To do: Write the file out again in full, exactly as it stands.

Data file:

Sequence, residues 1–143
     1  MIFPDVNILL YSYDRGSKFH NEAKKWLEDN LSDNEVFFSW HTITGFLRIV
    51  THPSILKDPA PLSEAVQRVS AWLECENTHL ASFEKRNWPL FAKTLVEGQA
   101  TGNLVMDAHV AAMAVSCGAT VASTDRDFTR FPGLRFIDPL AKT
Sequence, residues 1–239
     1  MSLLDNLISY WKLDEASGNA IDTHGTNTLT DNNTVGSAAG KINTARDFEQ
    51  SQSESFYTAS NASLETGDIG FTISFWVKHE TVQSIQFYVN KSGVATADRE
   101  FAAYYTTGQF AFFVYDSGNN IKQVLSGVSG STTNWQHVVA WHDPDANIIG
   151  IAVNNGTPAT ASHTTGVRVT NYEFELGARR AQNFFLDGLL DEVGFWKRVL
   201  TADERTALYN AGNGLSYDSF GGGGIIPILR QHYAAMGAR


Sequence, residues 1–143
     1  MIFPDVNILL YSYDRGSKFH NEAKKWLEDN LSDNEVFFSW HTITGFLRIV
    51  THPSILKDPA PLSEAVQRVS AWLECENTHL ASFEKRNWPL FAKTLVEGQA
   101  TGNLVMDAHV AAMAVSCGAT VASTDRDFTR FPGLRFIDPL AKT
Sequence, residues 1–239
     1  MSLLDNLISY WKLDEASGNA IDTHGTNTLT DNNTVGSAAG KINTARDFEQ
    51  SQSESFYTAS NASLETGDIG FTISFWVKHE TVQSIQFYVN KSGVATADRE
   101  FAAYYTTGQF AFFVYDSGNN IKQVLSGVSG STTNWQHVVA WHDPDANIIG
   151  IAVNNGTPAT ASHTTGVRVT NYEFELGARR AQNFFLDGLL DEVGFWKRVL
   201  TADERTALYN AGNGLSYDSF GGGGIIPILR QHYAAMGAR